Enough said

Published on November 24th, 2012


The pain of Gaza

Humra Quraishi writes on how our collective detachment to the Gaza crisis and our pro-Israel stand has affected Arab-Indo relations.

I’ve been watching scenes of complete disaster in the Gaza belt unfold on my TV screen, and I am left wondering: where are the so-called world leaders who talk of peace? Where is the US President, Barack Obama, who ought to start his second term in power by trying to save the lives of hapless Palestinians; if nothing else, then at least to win a few brownie points! Where is the United Nations at the moment? And more to the point, where is our own government?

I confess I am shamed and shocked at the muted response to the barbaric killings of Palestinians. We sit detached as scores of Palestinians are being killed and pushed to the  edge in their own homeland. Is this happening because of our pro-America, pro-Israel tilt? If it is, then our current politics is a far cry from the time when Jawaharlal Nehru and Indira  Gandhi had close personal ties with the Arab nations, and with Palestinian leader Yasser Arafat.

I’d attended a few receptions in New Delhi, where Indira Gandhi had honoured Yasser Arafat, and he, in turn, had showered praises on his ‘sister’ Indira. And it’s a well-known fact that in the 1950s, Nehru had gifted a sprawling bungalow on New Delhi’s Prithvi Raj Road to the first Iraqi envoy to India. The bungalow still stands, tall and elegant, but it is just about vacant. After Iraq was pounded by the American forces, the Iraqi embassy here shrank rapidly, gradually reduced to nothingness.

While covering the social scene of the capital city for almost three decades, I have witnessed the years when traditional Arab hospitality and warmth held sway here. The frequent parties and luncheons at the homes of envoys of Lebanon, Iraq, Palestine, Libya, Kuwait and Qatar were not just vibrant, they relayed warmth. And the Arab-India bonding lasted till about the time America and the allied forces invaded Iraq.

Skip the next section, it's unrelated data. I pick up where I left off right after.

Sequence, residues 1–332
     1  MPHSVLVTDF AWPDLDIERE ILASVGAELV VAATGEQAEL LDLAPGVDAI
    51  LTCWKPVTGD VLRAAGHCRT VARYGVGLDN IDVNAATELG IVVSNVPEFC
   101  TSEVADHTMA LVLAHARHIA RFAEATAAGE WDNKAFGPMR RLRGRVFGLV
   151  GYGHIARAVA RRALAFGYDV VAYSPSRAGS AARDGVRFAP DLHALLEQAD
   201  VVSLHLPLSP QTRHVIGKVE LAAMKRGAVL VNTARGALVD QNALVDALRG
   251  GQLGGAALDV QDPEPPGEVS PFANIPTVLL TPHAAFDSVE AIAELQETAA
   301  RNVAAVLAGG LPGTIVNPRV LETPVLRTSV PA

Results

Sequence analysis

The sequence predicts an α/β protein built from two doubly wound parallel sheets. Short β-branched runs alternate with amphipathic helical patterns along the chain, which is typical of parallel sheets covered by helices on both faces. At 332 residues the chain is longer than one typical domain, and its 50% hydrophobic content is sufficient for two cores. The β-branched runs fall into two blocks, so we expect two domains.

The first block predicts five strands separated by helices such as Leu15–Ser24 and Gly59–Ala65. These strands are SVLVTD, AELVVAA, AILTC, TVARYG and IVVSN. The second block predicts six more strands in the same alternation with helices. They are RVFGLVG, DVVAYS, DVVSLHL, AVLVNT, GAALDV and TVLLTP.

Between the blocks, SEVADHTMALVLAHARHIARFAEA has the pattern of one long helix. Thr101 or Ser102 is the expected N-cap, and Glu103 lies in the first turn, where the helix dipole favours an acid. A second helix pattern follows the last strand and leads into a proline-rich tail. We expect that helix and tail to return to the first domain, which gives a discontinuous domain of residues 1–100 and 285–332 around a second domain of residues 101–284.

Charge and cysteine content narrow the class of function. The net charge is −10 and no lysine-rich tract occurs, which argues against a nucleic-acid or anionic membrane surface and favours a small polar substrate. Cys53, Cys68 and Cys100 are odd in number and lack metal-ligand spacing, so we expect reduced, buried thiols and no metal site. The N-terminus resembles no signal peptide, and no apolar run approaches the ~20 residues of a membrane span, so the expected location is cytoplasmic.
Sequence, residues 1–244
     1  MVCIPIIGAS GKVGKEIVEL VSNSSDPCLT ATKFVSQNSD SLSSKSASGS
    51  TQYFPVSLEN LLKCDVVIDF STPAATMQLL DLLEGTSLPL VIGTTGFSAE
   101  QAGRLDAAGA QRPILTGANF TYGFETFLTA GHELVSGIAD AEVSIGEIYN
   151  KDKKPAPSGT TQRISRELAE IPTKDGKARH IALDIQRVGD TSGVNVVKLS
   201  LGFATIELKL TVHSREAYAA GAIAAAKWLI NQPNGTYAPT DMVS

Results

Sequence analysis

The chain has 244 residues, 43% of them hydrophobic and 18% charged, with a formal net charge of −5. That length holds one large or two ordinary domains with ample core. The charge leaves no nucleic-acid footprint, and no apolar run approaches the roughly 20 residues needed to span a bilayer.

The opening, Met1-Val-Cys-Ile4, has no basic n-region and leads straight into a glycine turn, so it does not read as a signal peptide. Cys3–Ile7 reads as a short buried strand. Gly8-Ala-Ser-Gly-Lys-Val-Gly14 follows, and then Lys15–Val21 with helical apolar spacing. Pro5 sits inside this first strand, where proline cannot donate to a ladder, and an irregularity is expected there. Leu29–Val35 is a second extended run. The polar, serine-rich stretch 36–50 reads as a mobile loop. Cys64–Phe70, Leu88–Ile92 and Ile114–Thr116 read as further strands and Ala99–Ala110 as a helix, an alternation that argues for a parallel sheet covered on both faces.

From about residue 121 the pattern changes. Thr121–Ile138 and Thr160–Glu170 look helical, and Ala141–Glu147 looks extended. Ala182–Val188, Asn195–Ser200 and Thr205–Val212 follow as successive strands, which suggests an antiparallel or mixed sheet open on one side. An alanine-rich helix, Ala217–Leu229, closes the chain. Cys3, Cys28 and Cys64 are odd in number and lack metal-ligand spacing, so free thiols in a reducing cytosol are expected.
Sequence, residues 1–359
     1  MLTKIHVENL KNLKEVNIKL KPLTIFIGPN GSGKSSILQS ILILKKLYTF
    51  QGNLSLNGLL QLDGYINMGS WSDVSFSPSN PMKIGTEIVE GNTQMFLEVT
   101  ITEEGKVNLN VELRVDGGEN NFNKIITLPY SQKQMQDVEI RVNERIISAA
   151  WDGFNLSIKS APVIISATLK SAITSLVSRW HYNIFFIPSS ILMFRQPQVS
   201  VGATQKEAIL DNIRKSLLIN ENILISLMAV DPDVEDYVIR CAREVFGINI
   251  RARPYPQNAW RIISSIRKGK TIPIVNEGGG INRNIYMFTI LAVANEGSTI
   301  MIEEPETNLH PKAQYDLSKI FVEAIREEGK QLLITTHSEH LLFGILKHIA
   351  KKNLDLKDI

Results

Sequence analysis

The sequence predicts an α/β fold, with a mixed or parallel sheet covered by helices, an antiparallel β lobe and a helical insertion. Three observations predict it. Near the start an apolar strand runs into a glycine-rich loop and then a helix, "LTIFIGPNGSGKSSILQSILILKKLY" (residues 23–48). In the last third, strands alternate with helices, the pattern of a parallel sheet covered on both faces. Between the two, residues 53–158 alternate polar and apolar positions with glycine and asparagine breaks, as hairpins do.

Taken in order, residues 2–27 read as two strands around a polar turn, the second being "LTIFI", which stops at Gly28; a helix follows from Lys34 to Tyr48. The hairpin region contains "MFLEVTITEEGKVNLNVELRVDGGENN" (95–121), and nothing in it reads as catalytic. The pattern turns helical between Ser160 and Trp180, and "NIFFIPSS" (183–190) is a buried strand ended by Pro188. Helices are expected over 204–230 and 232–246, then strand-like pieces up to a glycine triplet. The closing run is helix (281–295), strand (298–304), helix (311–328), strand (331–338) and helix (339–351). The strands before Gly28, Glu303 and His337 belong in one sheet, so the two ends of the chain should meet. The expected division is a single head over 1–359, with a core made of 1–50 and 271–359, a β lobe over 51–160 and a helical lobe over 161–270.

Even today, the plight of the Palestinians gets buried in the back pages of our newspapers, accompanied by occasional pictures of hundreds dying. We tend to overlook the complete picture, the historical context, and the very basics of the problem. In this context, I quote Palestinian envoy to India, Osama Musa, who had once said to me, “We have been under occupation all these years, over several decades. Can’t America see the killings that take place on a daily basis? I tell you, without America’s support, Israel is zero. Israelcannot survive a single day if America doesn’t support it. Israel is equipped by tanks and war planes, whereas we Palestinians only have a police force armed by mere pistols.”

He added, “You ask how peace will come about? It will happen the day Israel ends its occupation. We have been telling the Israelis to leave us alone. We are restricted to only 23  per cent of the total land that originally belonged to us. The rest is with Israel. Their policies have affected over six million Palestinians – of which three million are displaced, and the other three million live in their own land as slaves, not as free citizens.”

Humra Quraishi is a senior political journalist. She has authored Kashmir: The Untold Story, and is co-author of Simply Khushwant.

(Featured image courtesy www.csmonitor.com) 


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